Used with care and in the proper context, many drug plants do confer advantages on the creatures that consume them--fiddling with one's brain chemistry can be very useful indeed. The relief of pain, a blessing of many psychoactive plants, is only the most obvious example. Plant stimulants, such as coffee, coca, and khat, help people to concentrate and work. . . . There are psychoactive plants that uncork inhibitions, quicken the sex drive, muffle or fire aggression, and smooth the waters of social life. Still others relieve stress, help people sleep or stay awake, and allow them to withstand misery or boredom. All these plants are, at least potentially, mental tools: people who know how to use them properly may be able to cope with everyday life better than those who don't.
The Botany of Desire:
A Plant's-Eye View of the World
Plants that wake us up (energetic)
- Coffee (the “gamboling goat” legend; recent research indicates stroke/prostate cancer protection, 12,000 tons of caffeine consumed annually. Plants evolved caffeine as a protection against insects)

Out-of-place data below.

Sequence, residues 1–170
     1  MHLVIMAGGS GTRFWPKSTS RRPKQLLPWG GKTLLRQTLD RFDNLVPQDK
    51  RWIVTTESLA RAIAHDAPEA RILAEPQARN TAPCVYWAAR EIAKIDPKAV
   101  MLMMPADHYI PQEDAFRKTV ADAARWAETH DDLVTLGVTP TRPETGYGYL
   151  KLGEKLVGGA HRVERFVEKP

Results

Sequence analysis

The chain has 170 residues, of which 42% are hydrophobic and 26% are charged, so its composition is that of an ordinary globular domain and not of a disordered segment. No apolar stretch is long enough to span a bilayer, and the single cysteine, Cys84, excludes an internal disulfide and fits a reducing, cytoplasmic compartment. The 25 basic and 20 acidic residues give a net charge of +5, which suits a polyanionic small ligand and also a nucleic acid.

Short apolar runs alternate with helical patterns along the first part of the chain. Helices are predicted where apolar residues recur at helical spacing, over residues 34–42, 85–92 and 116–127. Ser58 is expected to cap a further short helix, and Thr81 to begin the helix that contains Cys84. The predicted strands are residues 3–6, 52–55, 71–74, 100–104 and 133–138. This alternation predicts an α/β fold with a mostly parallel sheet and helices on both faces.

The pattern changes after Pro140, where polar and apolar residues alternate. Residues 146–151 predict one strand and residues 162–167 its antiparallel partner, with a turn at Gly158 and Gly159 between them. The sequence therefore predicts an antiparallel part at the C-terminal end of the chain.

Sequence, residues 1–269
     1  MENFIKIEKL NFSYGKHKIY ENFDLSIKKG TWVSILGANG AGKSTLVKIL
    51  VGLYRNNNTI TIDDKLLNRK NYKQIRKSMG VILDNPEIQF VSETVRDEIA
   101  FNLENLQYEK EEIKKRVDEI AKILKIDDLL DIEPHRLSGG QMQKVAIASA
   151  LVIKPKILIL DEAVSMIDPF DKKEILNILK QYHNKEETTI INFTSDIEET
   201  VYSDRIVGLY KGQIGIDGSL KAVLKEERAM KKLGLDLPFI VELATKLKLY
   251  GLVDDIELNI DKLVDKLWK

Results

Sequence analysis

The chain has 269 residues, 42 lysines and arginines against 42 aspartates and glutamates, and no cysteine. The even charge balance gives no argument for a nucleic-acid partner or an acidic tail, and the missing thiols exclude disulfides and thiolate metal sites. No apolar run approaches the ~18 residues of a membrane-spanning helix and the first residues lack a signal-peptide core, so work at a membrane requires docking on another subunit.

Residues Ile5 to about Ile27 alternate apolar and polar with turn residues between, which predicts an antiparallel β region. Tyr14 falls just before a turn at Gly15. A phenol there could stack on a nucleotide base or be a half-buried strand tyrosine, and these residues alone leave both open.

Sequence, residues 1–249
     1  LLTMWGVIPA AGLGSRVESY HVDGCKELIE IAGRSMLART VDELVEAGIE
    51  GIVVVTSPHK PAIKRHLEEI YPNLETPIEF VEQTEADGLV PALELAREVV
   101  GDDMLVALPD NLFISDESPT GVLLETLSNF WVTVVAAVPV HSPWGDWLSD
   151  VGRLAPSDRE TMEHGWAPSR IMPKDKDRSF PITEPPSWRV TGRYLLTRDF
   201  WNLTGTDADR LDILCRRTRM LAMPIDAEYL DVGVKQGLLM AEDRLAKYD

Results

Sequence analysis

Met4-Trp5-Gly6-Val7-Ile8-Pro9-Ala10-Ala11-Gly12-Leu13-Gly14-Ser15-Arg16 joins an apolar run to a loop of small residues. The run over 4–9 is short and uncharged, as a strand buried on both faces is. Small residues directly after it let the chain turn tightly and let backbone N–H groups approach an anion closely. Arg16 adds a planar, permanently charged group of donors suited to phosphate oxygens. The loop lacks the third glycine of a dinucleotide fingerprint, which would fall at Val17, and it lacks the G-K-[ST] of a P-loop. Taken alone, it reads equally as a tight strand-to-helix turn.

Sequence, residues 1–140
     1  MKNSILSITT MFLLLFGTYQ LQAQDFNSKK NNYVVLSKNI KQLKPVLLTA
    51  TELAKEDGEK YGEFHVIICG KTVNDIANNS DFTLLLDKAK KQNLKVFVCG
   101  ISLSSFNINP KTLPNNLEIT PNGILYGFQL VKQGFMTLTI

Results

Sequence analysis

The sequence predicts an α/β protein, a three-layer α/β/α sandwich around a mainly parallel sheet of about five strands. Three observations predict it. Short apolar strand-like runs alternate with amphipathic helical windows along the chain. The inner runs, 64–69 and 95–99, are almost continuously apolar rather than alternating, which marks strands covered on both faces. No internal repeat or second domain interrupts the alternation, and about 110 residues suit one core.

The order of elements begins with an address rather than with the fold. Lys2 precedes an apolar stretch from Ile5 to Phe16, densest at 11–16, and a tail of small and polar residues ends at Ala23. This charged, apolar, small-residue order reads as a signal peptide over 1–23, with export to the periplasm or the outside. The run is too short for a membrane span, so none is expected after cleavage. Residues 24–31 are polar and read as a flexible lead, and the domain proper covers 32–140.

- Tea (one of the plants that fueled Britain's mighty empire--the other was opium, see below; the “napping monk” legend: founder of Zen, Daruma, fell asleep while meditating, cut off his eyelids, where they fell, tea plant grew)
- Yaupon holly (the only native North American plant that contains caffeine)
- Cocoa (Theobroma cocao, chemical theobromine)
- Chili peppers (Capsicum) also a euphoriant--release of endorphins
Plants that put us to sleep (soporific, anesthetic)
- Opium poppy. Valuable narcotic. Opium Wars. Laudanum addicts Mary Todd Lincoln, Queen Victoria, Samuel Taylor Coleridge. Given to infants
- Catnip (soporific for humans, euphoriant for felines)
Plants that make us high (euphoriant, hallucinogenic)
- Morning glory
- Salvia divinorum
- Coca. Considered as divine by Incas, chewed by the Aztecs to relieve stress/boredom of work. Distances were measured by the number of stops required to maintain dose level. Cocaine was hailed as a miracle: S. Freud, et al. Recognized as being able to "fortify" soldiers (Germany, 1880s) Anesthetic properties documented (1884).
Major ingredient in popular drinks: Coca-Cola (removed 1906). Even Sherlock Holmes was a "user."
- Tobacco (also a stimulant, creates feelings of relaxation)
- Marijuana (Cannabis sativa)